Just Taxes Blog by ITEP

State Rundown 7/13: Let’s Make a Deal

July 13, 2022

.ITEP Staff

From the Bay State to the Golden State, lawmakers across the nation are making deals and negotiating budgets with major tax implications. In Massachusetts, leaders announced recently that they had agreed to a framework for a tax bill that would not only provide one-time rebate checks, but also increase several credits, including the Earned Income Tax Credit and child and dependent credit. The plan also, unfortunately, provides a boon to the state’s wealthiest by increasing the estate tax threshold from $1 million to $2 million. In Pennsylvania, a budget agreement was reached and includes a sizable reduction in the state corporate income tax and one-time direct property tax credits. Meanwhile, further west, California’s final budget will bring with it payments aimed toward relieving some of the impacts of inflation and lower cannabis taxes, in addition to the slew of tax-related ballot measures that voters will get to decide on in November. And finally, lawmakers in Alaska and North Carolina can celebrate after their budgets were passed and signed, while Michigan and Missouri lawmakers will continue to deliberate as they’ve had to deal with impasses and governor vetoes.

Major State Tax Proposals and Developments

  • PENNSYLVANIA legislators settled on a budget plan that will lower the state’s corporate net income tax rate from 9.99 percent to 4.99 percent by 2031. This is projected to cost millions in just the next two years even though the impact of reduced corporate tax rates on job growth is negligible. The budget also increases the cap on the state’s film production tax credit program from $70 million to $100 million plus another $5 million for “Pennsylvania film producers”.  In terms of tax credits, the budget adds $140 million in one-time direct property tax credits for seniors and people with disabilities and $25 million for a state childcare tax credit equal to 30 percent of the federal credit. – KAMOLIKA DAS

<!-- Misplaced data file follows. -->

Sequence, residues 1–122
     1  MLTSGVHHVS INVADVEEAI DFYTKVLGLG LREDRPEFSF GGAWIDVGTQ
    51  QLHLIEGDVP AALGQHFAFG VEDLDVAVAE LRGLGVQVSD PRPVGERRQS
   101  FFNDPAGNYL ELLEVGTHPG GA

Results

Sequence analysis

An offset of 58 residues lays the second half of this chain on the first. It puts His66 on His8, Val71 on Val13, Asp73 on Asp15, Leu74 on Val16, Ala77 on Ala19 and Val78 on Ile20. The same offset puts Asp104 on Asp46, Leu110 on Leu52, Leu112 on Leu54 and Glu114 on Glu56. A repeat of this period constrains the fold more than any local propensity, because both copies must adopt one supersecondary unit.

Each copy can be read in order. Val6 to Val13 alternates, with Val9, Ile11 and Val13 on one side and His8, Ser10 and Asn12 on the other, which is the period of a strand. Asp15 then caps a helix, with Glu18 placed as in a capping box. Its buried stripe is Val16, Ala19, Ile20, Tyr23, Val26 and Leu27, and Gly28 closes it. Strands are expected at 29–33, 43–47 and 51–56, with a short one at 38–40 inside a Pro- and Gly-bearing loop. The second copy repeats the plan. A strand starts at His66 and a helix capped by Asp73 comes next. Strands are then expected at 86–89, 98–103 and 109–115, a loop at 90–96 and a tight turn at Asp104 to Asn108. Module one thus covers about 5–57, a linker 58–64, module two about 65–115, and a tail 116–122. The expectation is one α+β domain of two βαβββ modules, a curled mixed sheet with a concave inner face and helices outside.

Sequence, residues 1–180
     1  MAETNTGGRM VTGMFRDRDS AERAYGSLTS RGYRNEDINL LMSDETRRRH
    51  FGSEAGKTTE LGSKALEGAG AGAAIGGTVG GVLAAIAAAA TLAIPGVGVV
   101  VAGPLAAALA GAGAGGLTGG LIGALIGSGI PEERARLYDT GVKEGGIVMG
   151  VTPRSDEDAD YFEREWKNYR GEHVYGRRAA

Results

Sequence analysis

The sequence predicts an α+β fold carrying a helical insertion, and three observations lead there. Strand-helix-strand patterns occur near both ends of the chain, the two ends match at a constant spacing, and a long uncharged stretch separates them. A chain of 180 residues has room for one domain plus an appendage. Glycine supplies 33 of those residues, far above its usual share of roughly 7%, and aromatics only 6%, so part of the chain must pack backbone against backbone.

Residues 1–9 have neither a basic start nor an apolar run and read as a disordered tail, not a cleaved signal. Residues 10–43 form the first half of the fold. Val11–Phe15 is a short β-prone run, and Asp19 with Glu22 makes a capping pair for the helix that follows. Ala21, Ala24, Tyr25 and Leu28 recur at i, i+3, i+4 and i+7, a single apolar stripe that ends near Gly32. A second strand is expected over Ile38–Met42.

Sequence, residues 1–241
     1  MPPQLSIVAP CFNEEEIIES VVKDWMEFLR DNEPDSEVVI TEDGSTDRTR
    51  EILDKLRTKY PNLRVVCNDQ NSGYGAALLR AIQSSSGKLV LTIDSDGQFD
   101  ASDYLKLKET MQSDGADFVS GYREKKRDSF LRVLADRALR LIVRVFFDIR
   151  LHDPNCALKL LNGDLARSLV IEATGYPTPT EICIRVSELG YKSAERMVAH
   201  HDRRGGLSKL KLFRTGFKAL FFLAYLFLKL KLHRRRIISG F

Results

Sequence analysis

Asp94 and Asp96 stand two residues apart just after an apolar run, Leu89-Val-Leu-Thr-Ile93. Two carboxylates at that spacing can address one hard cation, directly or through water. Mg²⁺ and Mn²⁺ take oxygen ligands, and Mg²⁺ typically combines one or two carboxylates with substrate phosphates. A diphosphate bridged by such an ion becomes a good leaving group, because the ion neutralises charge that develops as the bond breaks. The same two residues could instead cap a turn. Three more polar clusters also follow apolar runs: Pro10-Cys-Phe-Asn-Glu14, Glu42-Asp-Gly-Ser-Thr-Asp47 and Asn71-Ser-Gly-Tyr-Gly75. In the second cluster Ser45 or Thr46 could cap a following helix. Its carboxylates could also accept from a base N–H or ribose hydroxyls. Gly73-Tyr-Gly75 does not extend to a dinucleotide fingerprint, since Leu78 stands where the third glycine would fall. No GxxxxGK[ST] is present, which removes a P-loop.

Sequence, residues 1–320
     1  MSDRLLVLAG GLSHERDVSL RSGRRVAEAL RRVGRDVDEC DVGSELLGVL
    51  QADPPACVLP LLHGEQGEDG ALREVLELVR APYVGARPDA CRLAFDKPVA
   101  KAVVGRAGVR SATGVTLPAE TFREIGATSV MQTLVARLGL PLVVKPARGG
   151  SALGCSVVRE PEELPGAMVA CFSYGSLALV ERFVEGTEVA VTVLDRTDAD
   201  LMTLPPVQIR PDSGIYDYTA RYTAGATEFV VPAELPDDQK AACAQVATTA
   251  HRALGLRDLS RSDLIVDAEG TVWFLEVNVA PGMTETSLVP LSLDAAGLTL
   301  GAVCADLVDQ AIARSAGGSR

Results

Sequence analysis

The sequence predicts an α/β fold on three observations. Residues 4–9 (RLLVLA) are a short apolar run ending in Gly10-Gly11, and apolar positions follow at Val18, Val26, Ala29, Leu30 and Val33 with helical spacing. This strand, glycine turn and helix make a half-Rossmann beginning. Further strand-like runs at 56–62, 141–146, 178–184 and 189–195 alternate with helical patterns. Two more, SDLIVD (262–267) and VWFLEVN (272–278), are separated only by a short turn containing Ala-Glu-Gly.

• In a monumental win for NEW JERSEY families, Gov. Phil Murphy recently signed legislation creating a state child tax credit program that will provide $500 for each child under age six if they earn $30,000 or less and smaller amounts for families earning up to $80,000. – KAMOLIKA DAS